A twist on the Christmas classic; this mincemeat is bursting with fruit, fragranced with orange zest, spiced with cinnamon and nutmeg, and has a warming, boozy kick of whiskey. Perfect for mince pies, and an ideal foodie gift to impress your loved ones.
Mincemeat is steeped in British Christmas tradition, and I often wish I had a historic family recipe that had been secretly and lovingly handed down through the generations. Alas, the closest thing my family has is Robertson’s mincemeat, which is conveniently found pre-jarred in supermarkets.
However, this year I have endeavored to create my own recipe, and I think I might be on to a winner. I am aware that by sharing this I am forgoing the opportunity for it to become a closely guarded family secret for my non-existent children and my non-existent children’s children, but I am feeling generous. Must be the time of year.
Originally mincemeat would have contained actual meat, often beef, with dried fruits, spices and alcohol, and still many recipes call for beef suet, though vegetable works just as well. Nowadays, raisins, currants, sultanas and mixed peel are combined with sugar, apple, suet, lemon juice and zest, and spices, and either cooked gently to melt the sugar and fat before the brandy is added, or left to soak up the alcohol and develop flavour over the course of a day. There are loads of variations, for example adding dried cranberries or apricots, adding nuts, orange zest or different spirits such as rum and amaretto, but the end result should be fruity and fragrant, sweet and a little boozy, and dying to be encased in crumbly, buttery [vegan] pastry.
In this version, the key elements are all still there; dried fruit in abundance, plenty of fruity, spicy goodness, definitely boozy, and all in all about as festive as you can possibly get. However for something a little different I’ve added lots of orange zest and juice so the sweet, citrusy flavour really comes through, and swapped the brandy for whiskey. The result is kind of an ‘Old-fashioned’ inspired mincemeat (as in the cocktail), and there is absolutely no reason why you couldn’t add a few dashes of angostura bitters to really emulate the classic tipple.
How to make Orange and Whiskey Mincemeat
Although there’s a few ingredients required, the process for this recipe couldn’t be simpler. Essentially, you add all the ingredients apart from the whiskey in a pan and cook over a low heat for 10 minutes until the suet and sugar have dissolved, then remove from the heat and stir in the whiskey. I like to add an extra little slug of whiskey just to be on the safe side but this is entirely optional. It may look a little runny once you’ve added the whiskey, but it will thicken as it cools.
The reason I go for the cooking method is that I prefer the slightly juicier mince that results – the suet melts and coats the fruit and the apple cooks down a little. It’ll still hold its shape in a mince pie, but it’s ever so slightly more saucy. That said, you could just bung everything in a bowl and cover with a tea towel for 24 hours, stirring occasionally, but this method is better if you have a few weeks before you plan to use the mincemeat. The cooking method also benefits from being left to mature before use, but is still delicious if used straight away.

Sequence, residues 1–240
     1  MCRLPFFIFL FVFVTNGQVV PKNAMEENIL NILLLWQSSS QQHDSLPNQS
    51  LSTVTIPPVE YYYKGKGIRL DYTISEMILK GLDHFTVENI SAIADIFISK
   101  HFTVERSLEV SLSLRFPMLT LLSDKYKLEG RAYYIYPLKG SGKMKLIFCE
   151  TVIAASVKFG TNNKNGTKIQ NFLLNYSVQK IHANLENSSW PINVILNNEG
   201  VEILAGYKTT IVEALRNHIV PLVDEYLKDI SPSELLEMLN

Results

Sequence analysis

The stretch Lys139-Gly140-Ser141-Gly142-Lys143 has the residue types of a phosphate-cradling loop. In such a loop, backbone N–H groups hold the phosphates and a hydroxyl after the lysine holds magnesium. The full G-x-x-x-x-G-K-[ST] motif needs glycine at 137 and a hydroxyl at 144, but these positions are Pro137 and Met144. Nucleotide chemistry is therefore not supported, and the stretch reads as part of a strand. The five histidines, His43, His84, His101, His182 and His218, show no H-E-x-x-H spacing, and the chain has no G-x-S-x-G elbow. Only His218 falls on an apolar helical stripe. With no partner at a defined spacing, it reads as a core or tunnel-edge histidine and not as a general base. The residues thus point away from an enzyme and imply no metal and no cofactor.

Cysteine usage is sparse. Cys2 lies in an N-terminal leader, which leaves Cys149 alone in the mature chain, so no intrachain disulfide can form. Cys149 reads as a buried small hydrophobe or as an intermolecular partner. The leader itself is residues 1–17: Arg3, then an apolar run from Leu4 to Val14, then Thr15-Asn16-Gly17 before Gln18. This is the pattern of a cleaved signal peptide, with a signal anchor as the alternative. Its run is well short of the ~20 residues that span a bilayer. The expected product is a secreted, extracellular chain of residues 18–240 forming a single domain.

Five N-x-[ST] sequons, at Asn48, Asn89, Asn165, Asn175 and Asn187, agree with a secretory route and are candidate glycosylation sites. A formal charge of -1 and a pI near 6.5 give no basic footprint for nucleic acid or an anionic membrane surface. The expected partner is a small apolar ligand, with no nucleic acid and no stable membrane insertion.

To store your mincemeat, you’ll need some glass jars. Kilner jars or old jam jars are ideal. The quantities in this recipe make just over 1kg mincemeat, so 2 or 3 jars should do it, depending on their size. To sterilize them, you can either run them through a hot cycle in your dishwasher, or wash them in warm, soapy water, rinse them, and dry them in an oven heated to 100C for 15 minutes. While the jars are still hot, pack the hot mincemeat into them, and allow them to cool with the lids firmly screwed on. If properly sterilized the mincemeat can keep like this in the cupboard for months, and another month or so in the fridge once you’ve opened a jar.
Please let me know if you give this a try! I would love to hear what you think of it – any feedback is really appreciated! You can comment below or tag me on Instagram or Twitter @greedybearbakes.
Orange and Whiskey Mincemeat
This mincemeat is bursting with fruit, fragranced with orange zest, spiced with cinnamon and nutmeg, and has a warming, boozy kick of whiskey
Vegan, Gluten-free option, Nut-free, Soya-free
- 450g dried fruit (mixture of raisins, currants and sultanas)
- 75g mixed peel
- 175g dark muscovado sugar
- 75g vegetable suet (gluten-free if necessary)
- 1 tsp ground cinnamon
- ¼ whole nutmeg, grated
- 2 oranges, zested, and 1 juiced
- ½ lemon, juiced
- 1 small cooking apple (mine was about 180g)
- 100ml whiskey
- Sterilize 3 medium glass jars, by running them through a hot dishwasher cycle, or washing them in warm, soapy water and then drying them in an oven heated to 100C for 15 minutes.
- In a large saucepan, add 450g dried fruit, 75g mixed peel, 175g dark muscovado sugar, 75g vegetable suet, 1 tsp ground cinnamon, and ¼ of a whole nutmeg, grated. Zest two oranges and add this to the pan, along with the juice from one of them, and the juice of ½ a lemon. Core the cooking apple and coarsely grate, with the skin on. Give the grated apple a quick squeeze over the sink to wring out some of the liquid, then add to the pan.
- Put the saucepan over a medium-low heat for 10 minutes, until the vegetable suet has melted and the sugar dissolved. Remove from the heat and stir in 100ml whiskey. Pack anything you don’t want to use immediately into the sterilized jars while everything is still hot. It’s best left for 2 weeks before using and can be left for months. If using immediately, leave to cool before piling into pastry cases.